Questions are being raised about the future of the former Saint John County Courthouse, which has been sitting idle for two years.

The 190-year-old building is a national historic site, as well as a legal landmark in New Brunswick, and some say it tops the list of heritage buildings in a city that boasts hundreds of them.

“This has always been the most important, the number one heritage building in Saint John,” says historian Harold Wright.

He says the building became the focal point of public life shortly after it was built and became both a legal and municipal landmark.

“County council, city council chambers, it was the courthouse,” says Wright. “Some of the most famous trials Saint John has ever seen happened here. When you walk around Kings Square you can see every architectural style in our history, and it all starts with this building.”

No one is questioning the historic significance of the building, but no one is stepping up with the money to save it, including the City of Saint John. This month, council voted not to buy the building from the province.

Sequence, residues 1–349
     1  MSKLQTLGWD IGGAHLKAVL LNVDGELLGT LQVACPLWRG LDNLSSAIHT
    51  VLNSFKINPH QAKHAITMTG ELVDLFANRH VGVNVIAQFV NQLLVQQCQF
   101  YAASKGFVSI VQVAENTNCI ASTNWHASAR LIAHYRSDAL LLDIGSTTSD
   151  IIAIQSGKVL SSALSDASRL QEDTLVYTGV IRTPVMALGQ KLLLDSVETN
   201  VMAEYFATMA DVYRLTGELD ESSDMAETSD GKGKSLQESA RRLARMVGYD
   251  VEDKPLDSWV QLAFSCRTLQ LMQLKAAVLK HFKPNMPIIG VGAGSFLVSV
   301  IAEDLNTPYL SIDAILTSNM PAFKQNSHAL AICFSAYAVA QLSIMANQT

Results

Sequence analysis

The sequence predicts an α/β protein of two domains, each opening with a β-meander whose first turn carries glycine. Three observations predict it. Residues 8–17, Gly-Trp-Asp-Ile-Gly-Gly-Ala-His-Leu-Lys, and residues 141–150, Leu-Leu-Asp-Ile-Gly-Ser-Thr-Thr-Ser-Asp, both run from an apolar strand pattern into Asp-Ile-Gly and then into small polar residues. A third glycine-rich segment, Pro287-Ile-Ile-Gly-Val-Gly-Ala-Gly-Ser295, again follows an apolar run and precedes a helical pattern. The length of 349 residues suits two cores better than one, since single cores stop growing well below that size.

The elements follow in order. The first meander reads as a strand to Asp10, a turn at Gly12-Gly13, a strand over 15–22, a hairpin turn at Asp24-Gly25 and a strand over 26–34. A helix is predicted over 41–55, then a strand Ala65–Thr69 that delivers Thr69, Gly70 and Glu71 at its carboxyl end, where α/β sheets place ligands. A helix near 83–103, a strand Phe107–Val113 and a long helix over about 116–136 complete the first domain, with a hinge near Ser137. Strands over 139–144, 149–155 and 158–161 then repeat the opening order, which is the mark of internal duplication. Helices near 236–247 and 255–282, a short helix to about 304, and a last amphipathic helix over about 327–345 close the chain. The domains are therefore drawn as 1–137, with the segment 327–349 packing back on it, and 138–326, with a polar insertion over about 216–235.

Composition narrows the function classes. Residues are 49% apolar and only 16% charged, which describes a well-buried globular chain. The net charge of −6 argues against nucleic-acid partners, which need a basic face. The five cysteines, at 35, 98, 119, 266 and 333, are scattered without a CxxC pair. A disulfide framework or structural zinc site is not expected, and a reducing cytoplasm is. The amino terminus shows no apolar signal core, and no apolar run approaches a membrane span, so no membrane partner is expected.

“And also, it would cost us, I’d say, close to $3 million to make that building into office space that we can use,” says Coun. Shirley McAlary. “It’s not accessible for wheelchairs.”

But lawyer John Barry says a trust entered into by the mayor and council in 1826 means the city has an obligation to ensure the building’s preservation.

“Yes, you’ve got to find a new use for it. A new use, and if you find the proper use, you can approach government and get legislation to amend the trust,” says Barry.

He says the city and province both need to take another look at what can be done, legally, with the courthouse.

With files from CTV Atlantic's Mike Cameron